As the sun rose over the Arizona desert, I made my way back to Javelina Jeadquarters and I stripped away the garbage bag and then the medic's sweater. I caught up with the runner who talked to me in the tent. "Thank you," I said. "You saved my race." "You made it!" he exclaimed. "I didn't save your race," he replied. "You did." I thanked him again and I ran ahead.
When I reached the start/finish area at Javelina Jeadquarters, I checked in long enough to say that I was alright and would be continuing. I asked for my glow necklace that would give me entrance to the 7th and final loop, I grabbed some food, and I left. The last loop was slow for me. I'm not proud of it. I could have moved faster and I didn't. I was determined to finish but, knowing that my finish time would probably not even match my time from the previous year, I stopped pushing. I made relentless forward progress one step at a time, but every step left me more disappointed in myself than the last. I didn't know how everything could have gone so well for so long only to fall apart due to one seemingly little mistake. I didn't know how I could let myself get hypothermia again. I felt like a failure. When I finally finished, I walked across the finish line. A volunteer handed me a buckle, a buckle exactly like the one that had brought me to tears only a year before. I paused. I considered handing it back. I didn't feel like I had earned it.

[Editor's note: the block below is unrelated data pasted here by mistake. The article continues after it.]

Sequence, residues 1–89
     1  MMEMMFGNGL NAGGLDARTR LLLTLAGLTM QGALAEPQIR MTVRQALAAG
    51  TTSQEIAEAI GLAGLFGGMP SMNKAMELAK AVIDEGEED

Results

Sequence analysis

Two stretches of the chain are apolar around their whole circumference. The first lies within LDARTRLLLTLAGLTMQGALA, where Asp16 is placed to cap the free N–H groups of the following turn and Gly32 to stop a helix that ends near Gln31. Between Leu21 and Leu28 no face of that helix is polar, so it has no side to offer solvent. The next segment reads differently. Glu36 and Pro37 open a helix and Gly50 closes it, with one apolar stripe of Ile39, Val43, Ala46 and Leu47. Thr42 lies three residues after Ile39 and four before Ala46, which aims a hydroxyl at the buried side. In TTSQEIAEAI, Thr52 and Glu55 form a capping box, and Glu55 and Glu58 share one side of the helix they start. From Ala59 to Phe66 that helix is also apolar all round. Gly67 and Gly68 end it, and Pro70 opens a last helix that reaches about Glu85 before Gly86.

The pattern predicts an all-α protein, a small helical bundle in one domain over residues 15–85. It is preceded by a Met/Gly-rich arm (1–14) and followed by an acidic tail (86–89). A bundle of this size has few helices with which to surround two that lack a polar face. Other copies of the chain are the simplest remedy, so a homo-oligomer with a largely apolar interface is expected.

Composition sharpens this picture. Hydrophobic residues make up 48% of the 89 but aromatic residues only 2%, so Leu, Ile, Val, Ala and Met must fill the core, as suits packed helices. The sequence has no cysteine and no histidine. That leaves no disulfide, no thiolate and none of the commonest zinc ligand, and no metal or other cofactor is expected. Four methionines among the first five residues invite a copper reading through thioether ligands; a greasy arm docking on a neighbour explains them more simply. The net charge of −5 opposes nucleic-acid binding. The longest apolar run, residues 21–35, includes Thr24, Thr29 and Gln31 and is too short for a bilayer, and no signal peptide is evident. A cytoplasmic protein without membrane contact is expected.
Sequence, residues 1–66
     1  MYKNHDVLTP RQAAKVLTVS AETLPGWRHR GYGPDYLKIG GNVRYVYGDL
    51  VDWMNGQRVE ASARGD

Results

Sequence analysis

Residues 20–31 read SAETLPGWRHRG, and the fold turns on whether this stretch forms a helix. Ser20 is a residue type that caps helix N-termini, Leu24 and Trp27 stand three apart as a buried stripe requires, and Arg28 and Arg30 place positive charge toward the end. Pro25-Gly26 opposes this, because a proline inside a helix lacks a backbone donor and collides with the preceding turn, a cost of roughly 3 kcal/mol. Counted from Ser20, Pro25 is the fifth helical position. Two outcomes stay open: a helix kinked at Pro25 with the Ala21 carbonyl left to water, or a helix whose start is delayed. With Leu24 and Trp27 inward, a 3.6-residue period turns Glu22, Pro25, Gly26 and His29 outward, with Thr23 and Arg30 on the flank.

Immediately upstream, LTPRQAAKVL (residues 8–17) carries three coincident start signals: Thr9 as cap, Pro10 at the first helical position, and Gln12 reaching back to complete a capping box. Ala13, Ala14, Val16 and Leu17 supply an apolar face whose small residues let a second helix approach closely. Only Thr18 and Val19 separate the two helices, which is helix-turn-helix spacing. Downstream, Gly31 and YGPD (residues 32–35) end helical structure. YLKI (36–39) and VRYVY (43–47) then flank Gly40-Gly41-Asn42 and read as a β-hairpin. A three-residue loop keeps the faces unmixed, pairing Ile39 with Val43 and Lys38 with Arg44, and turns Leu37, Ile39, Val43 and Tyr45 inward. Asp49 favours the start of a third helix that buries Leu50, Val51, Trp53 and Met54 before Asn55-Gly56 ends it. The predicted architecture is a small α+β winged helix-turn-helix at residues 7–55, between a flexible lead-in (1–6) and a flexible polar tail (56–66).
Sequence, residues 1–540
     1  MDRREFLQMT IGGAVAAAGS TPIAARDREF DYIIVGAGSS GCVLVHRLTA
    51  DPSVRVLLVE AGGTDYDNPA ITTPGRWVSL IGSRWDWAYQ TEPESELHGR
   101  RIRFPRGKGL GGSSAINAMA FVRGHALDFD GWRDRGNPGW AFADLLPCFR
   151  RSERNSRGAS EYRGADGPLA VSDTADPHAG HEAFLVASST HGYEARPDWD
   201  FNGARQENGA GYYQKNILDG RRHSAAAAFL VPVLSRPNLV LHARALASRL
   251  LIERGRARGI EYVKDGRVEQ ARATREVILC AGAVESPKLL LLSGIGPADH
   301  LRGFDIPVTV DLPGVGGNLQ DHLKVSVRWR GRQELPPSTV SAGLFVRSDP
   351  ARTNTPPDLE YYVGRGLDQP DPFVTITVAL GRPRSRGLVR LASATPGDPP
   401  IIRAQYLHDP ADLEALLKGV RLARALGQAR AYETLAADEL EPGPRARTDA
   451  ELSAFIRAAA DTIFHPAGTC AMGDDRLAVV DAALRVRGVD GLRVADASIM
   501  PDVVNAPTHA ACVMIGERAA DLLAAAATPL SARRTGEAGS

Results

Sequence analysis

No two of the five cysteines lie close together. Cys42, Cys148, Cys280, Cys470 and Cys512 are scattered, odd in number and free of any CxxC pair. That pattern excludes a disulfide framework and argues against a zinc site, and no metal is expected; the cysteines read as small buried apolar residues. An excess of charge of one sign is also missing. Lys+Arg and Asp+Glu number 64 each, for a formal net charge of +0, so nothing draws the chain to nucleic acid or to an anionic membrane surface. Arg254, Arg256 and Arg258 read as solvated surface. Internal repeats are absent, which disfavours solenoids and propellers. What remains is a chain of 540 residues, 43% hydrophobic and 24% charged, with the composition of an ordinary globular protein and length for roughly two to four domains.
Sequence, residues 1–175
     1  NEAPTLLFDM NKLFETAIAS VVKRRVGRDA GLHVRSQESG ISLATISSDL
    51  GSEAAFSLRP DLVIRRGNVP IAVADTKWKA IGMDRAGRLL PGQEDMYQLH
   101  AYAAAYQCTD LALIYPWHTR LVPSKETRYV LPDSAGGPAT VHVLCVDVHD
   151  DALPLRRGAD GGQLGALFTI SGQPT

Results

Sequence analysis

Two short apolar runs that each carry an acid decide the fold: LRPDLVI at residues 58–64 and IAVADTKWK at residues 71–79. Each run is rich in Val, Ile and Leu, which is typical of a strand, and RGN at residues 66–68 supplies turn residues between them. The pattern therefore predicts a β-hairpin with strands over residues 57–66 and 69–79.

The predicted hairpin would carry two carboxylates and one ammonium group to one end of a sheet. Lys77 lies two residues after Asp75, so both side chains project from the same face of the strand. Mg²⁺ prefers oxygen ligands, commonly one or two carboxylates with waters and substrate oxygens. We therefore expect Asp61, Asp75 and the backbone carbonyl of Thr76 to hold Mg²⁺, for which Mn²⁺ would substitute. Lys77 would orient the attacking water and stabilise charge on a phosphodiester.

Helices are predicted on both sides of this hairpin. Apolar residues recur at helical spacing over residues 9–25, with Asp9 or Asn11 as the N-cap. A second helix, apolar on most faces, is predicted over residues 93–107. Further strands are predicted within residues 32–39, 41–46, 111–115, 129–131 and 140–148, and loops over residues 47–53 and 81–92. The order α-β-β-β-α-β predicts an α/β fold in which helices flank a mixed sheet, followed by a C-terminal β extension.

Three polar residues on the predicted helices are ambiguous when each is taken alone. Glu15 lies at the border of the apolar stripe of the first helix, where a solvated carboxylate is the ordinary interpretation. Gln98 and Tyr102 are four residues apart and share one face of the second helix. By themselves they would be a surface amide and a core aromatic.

In the two weeks that have elapsed since finishing the race, I've reflected on and internalized my experience a lot. There are days when it makes me emotional and others when I feel stoic. Most of all, the last two weeks have given me perspective. When caught up in our goals and expectations, sometimes it's difficult to remember where we started. I began this year immobilized for four months with nerve damage, tissue damage, foot drop, and a torn meniscus. I devoted my year to physical therapy and rehab in an effort to regain some semblance of the strength, endurance, and speed I once had. I ended the year by running two 100-mile races in 7 weeks. For that, and for every step I've taken since starting to run again, I am thankful. I'm not where I want to be, but I'm so grateful to be where I am.